23. And they came in, and possessed it; but they obeyed not thy voice, neither walked in thy law; they have done nothing of all that thou commandest them to do: therefore thou hast caused all this evil to come upon them:
23. Et ingressi sunt, et haereditate adepti sunt cam; et non audierunt vocem tuam (ad verbum, in voce tua) et in lege tua non ambulaverunt (hoc est, secundum legera tuam) quaecunque illis praecepisti ut facerent, non fecerunt; ideo occurrere fecisti illis malum hoc.
The Prophet in this verse confesses that. God's vengeance was just, when the people were cast out of the land and driven into exile, because they, after having entered into the land, did not obey the voice of God. The very sight of the land ought to have made the people obedient to God; for they could not have eaten a crumb of bread, without being always reminded whence their food came, even because God had expelled the Gentiles from that land. When, therefore, they were filled with all kinds of good things, and at the same time despised God, no excuse could have been pretended; for if they made ignorance their pretense, the very land itself was before their eyes, which recalled them to the fear of God. This, then, is the reason why the Prophet joins those two things together, that the Israelites entered into the land, and that they disobeyed the voice of God
Now, by this clause he intimates that they had not fallen through ignorance, because God had sufficiently made known his will. God had indeed spoken, but it was to the deaf. The Prophet then here shews that there was no other cause for the sin of the people, but that they obstinately refused to attend to the voice of God.
Then he adds for the same purpose, that they had not walked in his Law The Law is often compared to a way; for except God prescribes to us what his will is, and regulates all the actions of our life according to a certain rule, we should be perpetually going astray. God's Law, then, is justly said to be like a way, according to what Moses also speaks,
|This is the way, walk ye in it.|
(Deuteronomy 5:33; see also Isaiah 30:21)
Then Jeremiah, after having shewn that the people had been taught, mentions this, -- that the way had been made known to them, so that they went astray knowingly and wilfully; for they could not have turned aside either to the right hand or to the left without being called back by the doctrine of the Law.
He says, in the third place, What thou hast commanded them to do they did not He explains here the same thing more clearly and without any figurative expression, even that they had been unwilling to obey God, while yet they sufficiently understood what was right; for the Law suffered them not to go astray, and God had included in it everything necessary to be known. The Prophet then shews that they had not turned aside except through perverseness, because they knew what God required. As a certain Lacedaemonian said, that the Athenians knew what was right, but were unwilling to do it; so the Prophet in this place distinguishes the open impiety and contempt of the people from ignorance and inadvertence, and does not mean that the people did not satisfy all the precepts of the Law.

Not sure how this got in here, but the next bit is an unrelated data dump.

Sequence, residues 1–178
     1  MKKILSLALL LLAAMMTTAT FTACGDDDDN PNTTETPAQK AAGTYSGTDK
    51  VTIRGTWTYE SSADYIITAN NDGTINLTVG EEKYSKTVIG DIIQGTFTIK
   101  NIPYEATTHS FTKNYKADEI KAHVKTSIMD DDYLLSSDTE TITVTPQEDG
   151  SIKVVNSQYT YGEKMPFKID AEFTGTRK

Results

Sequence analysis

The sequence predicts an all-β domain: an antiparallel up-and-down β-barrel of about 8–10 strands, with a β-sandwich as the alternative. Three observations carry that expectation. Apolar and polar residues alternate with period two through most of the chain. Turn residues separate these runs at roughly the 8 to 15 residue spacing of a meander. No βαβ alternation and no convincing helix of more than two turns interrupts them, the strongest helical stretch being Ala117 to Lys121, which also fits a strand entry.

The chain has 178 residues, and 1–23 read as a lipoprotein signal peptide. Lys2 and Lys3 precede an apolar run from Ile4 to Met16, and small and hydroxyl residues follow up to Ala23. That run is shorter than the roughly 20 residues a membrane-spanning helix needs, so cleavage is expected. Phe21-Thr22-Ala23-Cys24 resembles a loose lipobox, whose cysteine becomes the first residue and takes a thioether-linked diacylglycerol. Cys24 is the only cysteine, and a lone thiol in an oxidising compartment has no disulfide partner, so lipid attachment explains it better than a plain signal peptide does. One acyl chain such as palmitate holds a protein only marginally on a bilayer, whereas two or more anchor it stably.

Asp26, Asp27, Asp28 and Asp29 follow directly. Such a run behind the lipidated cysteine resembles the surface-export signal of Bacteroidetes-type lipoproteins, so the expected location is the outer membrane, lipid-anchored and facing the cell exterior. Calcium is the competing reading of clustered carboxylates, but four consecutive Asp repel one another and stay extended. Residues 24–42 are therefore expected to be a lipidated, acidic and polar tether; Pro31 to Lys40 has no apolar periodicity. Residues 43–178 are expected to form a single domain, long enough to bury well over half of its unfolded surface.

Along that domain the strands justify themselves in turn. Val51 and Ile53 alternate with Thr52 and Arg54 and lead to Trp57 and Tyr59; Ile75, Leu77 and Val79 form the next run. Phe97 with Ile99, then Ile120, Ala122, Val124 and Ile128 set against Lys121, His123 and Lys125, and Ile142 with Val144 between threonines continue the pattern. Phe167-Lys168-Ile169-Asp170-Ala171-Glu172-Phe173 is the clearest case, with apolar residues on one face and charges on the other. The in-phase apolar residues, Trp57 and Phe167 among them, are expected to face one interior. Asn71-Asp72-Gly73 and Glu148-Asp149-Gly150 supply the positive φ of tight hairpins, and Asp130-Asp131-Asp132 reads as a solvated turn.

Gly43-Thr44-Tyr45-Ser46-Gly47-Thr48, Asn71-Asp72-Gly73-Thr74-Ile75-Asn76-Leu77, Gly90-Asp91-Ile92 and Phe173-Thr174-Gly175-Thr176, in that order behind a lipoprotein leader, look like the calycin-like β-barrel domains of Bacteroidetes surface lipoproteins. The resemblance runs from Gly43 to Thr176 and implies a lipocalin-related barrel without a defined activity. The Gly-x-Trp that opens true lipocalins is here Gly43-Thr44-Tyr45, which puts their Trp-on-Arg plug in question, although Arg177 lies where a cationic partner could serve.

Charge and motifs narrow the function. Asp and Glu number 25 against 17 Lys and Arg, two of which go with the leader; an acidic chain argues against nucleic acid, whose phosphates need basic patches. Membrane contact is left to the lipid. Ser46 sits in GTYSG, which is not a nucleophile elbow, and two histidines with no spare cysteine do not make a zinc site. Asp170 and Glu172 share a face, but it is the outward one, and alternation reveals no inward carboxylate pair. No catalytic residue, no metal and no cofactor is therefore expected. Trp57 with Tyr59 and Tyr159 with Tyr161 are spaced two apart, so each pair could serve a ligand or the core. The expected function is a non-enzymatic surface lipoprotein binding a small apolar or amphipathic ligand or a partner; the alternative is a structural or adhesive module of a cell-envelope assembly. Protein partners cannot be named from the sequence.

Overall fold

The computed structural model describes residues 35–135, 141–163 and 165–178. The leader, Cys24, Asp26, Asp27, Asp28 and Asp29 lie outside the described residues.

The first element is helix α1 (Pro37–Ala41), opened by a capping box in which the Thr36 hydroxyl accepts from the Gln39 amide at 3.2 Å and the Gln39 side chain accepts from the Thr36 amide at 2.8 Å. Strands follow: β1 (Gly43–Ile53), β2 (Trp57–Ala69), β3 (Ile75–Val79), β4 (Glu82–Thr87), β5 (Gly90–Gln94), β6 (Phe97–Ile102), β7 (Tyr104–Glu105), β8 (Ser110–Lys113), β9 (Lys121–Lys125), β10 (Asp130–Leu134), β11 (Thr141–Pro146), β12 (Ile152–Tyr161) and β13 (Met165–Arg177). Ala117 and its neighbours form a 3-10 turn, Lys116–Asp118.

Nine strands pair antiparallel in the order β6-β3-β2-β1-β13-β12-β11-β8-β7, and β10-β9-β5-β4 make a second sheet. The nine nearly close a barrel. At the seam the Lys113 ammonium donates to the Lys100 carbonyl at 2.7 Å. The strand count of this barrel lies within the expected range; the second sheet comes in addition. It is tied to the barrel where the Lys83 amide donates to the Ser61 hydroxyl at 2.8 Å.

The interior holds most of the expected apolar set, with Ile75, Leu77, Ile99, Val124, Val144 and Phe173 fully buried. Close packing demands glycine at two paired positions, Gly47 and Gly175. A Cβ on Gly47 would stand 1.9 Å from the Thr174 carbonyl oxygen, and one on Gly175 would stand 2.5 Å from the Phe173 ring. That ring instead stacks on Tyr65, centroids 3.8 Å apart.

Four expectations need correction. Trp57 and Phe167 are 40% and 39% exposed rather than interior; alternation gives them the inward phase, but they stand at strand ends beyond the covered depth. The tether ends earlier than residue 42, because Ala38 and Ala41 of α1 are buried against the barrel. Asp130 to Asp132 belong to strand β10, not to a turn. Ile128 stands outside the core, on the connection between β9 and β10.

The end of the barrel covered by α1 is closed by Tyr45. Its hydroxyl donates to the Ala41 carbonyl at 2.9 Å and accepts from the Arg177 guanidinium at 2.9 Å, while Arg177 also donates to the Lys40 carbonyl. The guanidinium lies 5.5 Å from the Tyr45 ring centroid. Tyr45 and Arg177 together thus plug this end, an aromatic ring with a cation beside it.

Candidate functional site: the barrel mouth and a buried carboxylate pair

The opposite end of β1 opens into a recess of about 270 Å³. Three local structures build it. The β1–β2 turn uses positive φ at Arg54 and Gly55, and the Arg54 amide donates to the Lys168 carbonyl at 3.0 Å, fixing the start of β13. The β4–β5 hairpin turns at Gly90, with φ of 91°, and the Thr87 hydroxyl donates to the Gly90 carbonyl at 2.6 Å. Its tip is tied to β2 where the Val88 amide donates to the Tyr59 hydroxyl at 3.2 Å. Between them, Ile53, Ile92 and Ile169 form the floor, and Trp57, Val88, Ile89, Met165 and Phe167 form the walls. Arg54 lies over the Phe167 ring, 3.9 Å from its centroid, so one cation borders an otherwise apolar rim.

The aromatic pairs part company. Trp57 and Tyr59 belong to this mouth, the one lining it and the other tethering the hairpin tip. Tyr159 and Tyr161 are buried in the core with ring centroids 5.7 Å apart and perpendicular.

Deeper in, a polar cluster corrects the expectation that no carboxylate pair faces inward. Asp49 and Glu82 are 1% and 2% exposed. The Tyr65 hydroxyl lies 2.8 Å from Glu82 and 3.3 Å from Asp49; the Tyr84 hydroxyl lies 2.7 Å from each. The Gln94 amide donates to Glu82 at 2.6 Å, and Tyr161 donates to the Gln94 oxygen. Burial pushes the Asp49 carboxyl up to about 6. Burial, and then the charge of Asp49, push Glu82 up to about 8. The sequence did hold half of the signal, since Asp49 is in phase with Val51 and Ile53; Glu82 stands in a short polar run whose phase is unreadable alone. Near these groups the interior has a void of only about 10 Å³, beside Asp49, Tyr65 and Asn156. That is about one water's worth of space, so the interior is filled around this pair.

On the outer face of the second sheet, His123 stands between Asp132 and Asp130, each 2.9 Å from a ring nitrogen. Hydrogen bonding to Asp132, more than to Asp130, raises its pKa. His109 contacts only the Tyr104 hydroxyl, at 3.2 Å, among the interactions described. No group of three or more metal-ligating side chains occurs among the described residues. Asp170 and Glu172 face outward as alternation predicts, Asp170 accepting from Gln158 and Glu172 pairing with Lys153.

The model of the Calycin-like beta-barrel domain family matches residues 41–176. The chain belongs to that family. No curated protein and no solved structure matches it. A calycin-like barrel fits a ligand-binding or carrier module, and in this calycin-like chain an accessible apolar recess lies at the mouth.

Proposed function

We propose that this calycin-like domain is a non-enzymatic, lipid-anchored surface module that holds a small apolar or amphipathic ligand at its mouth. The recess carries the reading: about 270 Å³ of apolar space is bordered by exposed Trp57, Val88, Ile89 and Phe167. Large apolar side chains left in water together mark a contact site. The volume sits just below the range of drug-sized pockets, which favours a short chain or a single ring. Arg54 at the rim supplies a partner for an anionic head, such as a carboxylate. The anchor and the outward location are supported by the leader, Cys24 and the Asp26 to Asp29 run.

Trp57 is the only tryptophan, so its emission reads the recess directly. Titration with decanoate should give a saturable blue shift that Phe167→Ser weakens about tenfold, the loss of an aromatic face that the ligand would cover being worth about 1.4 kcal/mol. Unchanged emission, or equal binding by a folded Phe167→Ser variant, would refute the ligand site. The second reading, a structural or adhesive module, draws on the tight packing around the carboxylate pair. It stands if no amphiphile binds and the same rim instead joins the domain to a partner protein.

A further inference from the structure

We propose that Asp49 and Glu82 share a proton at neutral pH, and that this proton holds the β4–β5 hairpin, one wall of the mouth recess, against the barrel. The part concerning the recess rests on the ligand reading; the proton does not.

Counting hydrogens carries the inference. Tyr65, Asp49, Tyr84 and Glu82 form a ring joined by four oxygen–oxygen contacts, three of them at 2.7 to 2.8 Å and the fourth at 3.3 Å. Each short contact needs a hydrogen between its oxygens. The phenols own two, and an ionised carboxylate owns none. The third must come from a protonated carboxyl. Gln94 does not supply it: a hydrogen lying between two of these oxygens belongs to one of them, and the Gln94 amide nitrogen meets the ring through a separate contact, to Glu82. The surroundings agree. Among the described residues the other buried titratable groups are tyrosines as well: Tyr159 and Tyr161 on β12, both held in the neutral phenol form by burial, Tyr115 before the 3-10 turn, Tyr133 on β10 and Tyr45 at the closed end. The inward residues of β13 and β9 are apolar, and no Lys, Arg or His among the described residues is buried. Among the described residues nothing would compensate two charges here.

And this passage also Jerome explains very absurdly; for he says that the Israelites did not stand to their promises, because they had said that they would do whatever God commanded. But the Prophet here does not condemn them as to one thing only, as though he had said that there had been some defect, but he says that they had been wholly disobedient, for they had not despised only one precept of the Law, but had as it were designedly cast aside the whole Law, and obeyed none of God's commandments. Then this negative sets forth the defection of the people as to the whole law, and as to every precept of it.
And this passage is worthy of special notice, because the Prophet advisedly repeats the same thing, -- that the people had not walked in the Law, -- that they had not obeyed the voice of God, -- that they had done nothing of what had been commanded; for a heavier condemnation and vengeance await those who have been faithfully taught what pleases God and what is right, and yet follow their own will, and are carried away by the passions and lusts of the flesh. In a word, Jeremiah points out the highest pitch of impiety, that is, when people clearly and familiarly know what the will of God is, and yet disregard it and shake off the yoke, and thus shew manifestly a contempt for the whole Law.
It follows, Therefore thou hast made to come on them all this evil The Prophet here testifies that whatever had happened to the people, was not by chance, but that a reward was rendered to their sins. Men in some measure acknowledge God's judgments, but this acknowledgment presently vanishes. Wisely then does the Prophet here shew that God's vengeance is evident in adversities, and that the people thus received the reward which they had deserved. It now follows, --